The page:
“What is unique about this approach is that the native organ's architecture is preserved, so that the resulting graft can be transplanted just like a donor kidney and connected to the recipient's vascular and urinary systems,” said Ott.

If this technology can be scaled to human-sized grafts, patients suffering from renal failure could theoretically receive new organs ...

And while the overall function of the regenerated organs was significantly reduced compared with healthy kidneys, this was probably at least in part down to the immaturity of the NKCs used to repopulate the scaffold. A better result may be achieved with different cell types or by allowing the cells to mature for longer, suggest the scientists.

“If this technology can be scaled to human-sized grafts, patients suffering from renal failure who are currently waiting for donor kidneys or who are not transplant candidates could theoretically receive new organs derived from their own cells,” he added. 

The research team has already shown that decellularisation of pig and human kidneys is feasible, and have also applied the technique to make scaffolds of other organs such as the lungs, heart and liver, and are now gearing up to try to transplant regenerated pig kidneys into live animals.

At the moment there are around 18,000 kidney transplants carried out each year in the US, but 100,000 people are on the waiting list at any time and 400,000 patients who require dialysis because they are in end-stage renal disease (ESRD).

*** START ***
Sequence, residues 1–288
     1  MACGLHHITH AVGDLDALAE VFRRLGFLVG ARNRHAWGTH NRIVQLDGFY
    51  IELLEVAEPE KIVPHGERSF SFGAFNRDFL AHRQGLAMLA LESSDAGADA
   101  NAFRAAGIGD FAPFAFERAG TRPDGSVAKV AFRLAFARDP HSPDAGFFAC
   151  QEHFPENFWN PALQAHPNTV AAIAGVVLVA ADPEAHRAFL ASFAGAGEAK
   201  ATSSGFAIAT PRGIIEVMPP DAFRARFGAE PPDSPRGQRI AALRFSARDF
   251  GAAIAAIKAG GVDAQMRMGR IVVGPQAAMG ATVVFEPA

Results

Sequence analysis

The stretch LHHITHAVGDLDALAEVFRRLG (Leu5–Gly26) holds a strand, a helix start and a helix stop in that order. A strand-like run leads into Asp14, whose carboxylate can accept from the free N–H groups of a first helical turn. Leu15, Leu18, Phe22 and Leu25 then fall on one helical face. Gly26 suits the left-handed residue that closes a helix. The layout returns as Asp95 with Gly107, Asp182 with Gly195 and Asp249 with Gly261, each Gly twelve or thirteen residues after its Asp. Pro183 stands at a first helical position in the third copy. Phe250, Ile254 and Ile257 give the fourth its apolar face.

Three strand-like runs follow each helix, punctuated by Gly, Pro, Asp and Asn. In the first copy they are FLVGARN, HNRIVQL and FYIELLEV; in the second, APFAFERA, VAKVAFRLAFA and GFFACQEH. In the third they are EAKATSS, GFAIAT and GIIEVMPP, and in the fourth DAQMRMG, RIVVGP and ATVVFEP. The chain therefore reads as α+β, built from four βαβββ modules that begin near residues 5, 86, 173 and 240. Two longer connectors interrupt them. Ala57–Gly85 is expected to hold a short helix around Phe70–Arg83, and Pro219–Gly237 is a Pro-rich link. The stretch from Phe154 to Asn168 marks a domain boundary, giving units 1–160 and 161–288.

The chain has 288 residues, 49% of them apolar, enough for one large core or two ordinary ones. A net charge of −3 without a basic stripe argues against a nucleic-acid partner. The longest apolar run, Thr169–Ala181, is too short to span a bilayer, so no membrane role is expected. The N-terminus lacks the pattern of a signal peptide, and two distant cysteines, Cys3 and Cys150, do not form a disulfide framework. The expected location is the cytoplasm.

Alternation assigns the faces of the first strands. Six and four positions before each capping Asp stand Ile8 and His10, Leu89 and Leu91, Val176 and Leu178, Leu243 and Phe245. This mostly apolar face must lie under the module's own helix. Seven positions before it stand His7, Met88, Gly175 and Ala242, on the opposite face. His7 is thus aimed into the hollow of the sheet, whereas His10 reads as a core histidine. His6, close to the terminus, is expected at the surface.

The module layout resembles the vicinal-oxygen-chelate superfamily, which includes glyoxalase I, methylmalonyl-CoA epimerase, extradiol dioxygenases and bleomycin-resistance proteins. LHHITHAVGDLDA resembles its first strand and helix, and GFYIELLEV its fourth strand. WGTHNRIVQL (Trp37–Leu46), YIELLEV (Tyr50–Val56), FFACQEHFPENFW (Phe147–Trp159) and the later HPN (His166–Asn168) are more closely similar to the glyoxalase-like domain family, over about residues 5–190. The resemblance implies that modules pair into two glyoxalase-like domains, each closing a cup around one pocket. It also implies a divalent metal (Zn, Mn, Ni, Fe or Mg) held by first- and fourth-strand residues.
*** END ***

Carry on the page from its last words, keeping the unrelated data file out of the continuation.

Eye in the sky
There is no doubt that Ott et al have taken an important step towards a major advance in medicine, with three milestones achieved: the creation of the acellular scaffolds, the repopulation of the scaffolds with viable cells that form organised structures; and the excretory function of the resulting graft. 

Meanwhile, although the regenerated kidneys only exhibited around 5 per cent of the function of a healthy kidney, the target for a replacement organ may not be that high. Typically, people with ESRD are only put forward for dialysis when their renal function dips below 15 per cent, so a replacement organ that can top that level of function could be used to keep patients free of the dialysis machine.

However, the researchers freely concede that any practical application of the approach is many years away and there are a number of serious obstacles to overcome. Some cells ended up in the wrong place, for example, and re-seeding organs gets almost exponentially harder with increasing size. It is also unclear whether the scaffold left behind after decellularisation is unaffected by the detergent flushing.

Gather yourselves together
Nevertheless, the work is a starting point and Ott now wants other research teams to get on board to take a multidisciplinary approach to refining the technique. It also raises intriguing possibilities with potentially significant impact on the healthcare industry.

Drugs to treat chronic kidney disease alone (antihypertensives, erythropoietin, phosphate binders etc) represent a multibillion dollar market that could be effectively negated if functional kidneys could be engineered and implanted. 

Using donor cells from the patients would mean there would be no need for lifelong and often hard-to-tolerate immunosuppressant drugs, while dialysis centres would become redundant. Extend the concept to other organs - pancreas, lung, liver etc - and healthcare provision becomes a very different and perhaps even a largely non-pharmacological proposition.

In fact, what if a limitless supply of organs could be grown easily from stem cells harvested and frozen in childhood? Would routine replacement of failing organs and tissues allow humans to live almost disease-free and have dramatically increased life spans? It remains to be seen whether that always stays in the realms of science fiction.

Article by
Phil Taylor

is a freelance journalist specialising in the pharmaceutical industry

29th May 2013

From: Research